The Eagles Take Flight from the Nest


The 2020-2021 senior class showing out and making the most out of their senior year, despite COVID-19 restrictions. The leaders of the Nest enjoy doing “Toga Out,” as it is their favorite theme and good luck charm.

The Nest is a big part of the community at Wahlert. Since the school year is coming to an end, the seniors have some advice to share with the underclassman about everything they have learned and some advice for the incoming leaders next year.

Brady Woods, ‘21, said, “When I was a freshman, I didn’t really cheer that loud because I was worried of being judged. But now as a senior, I didn’t care what people thought and tried to be as loud as possible to cheer on my peers.” 

Woods continues that “…it is important to try to get the incoming freshmen to cheer, and if they don’t, yell at them.”

Logan Teslow, ‘21, adds, “Cheering as a senior was a lot different than cheering as a freshman because I, as a freshman, was intimidated by the upperclassman. Denver Kammerude would always yell out my name in the student section, and it was the worst as a freshman to be called out by a senior in the Nest.” 

The biggest piece of advice Teslow has for the incoming leaders is: “wear togas and jorts as much as possible and to make sure the kids in the back are cheering.”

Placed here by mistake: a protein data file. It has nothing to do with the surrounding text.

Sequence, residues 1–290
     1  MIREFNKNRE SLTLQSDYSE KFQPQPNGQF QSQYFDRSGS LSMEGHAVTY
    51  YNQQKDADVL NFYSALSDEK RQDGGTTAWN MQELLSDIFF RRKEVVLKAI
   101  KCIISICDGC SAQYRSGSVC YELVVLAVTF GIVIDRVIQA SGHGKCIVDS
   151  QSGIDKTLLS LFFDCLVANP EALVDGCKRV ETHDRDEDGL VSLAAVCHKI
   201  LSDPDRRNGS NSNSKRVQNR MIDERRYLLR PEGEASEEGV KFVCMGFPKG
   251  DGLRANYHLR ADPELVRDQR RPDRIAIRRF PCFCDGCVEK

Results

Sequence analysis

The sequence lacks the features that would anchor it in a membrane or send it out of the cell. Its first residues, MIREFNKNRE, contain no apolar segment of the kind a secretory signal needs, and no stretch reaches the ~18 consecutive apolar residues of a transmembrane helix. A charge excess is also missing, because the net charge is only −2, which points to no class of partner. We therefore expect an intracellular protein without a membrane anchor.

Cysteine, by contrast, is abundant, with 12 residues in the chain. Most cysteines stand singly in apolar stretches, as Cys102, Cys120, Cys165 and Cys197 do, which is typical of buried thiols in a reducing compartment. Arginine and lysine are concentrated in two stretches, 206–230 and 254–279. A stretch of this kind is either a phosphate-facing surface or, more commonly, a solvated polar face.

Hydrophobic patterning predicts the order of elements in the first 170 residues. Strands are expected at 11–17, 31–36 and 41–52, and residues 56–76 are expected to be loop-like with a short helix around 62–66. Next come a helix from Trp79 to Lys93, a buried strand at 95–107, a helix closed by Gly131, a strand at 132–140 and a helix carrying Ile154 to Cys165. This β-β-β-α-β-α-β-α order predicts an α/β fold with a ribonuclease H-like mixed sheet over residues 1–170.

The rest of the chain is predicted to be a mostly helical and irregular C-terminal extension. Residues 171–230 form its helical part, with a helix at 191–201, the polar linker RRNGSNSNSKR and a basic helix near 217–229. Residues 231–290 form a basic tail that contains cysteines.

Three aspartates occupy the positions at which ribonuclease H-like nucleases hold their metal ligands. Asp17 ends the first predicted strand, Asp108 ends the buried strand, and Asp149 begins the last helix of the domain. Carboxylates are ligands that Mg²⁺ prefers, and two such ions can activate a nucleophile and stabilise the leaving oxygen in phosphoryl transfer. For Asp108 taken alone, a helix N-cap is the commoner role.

Joel Tranel, ‘21, explains, “The importance of The Nest is to cheer the Wahlert team on and to rile up our opponent(s) – to get inside their heads.” 

Tranel adds, “The important responsibilities of a Nest leader are to give TOTAL EFFORT and to have appreciation for the referees.”

Tyler Dodds, ‘21, noted, “A big responsibility this year, for me, (besides yelling and heckling the other team) was keeping the Nest spread out. Usually this isn’t an issue; however, because of covid, Mr. Meyers asked me to keep the student section semi-spread out during games.” 

Dodds also stated, “Being a leader in the Nest was quite the honor. I kind of took up a unique role as a leader for the most part. Most leaders lead cheers and chants whereas I just yelled at everyone on the other team: some players on the court, some on the bench, sometimes even the coach. And some may say that’s a little disrespectful, but I take great pride in my unique leadership in the Nest.”

Now, knowing what it takes to be a Nest leader and hearing some of this year’s Nest leaders share their personal experiences throughout high school, who do you think is most fit to be the next Nest leaders?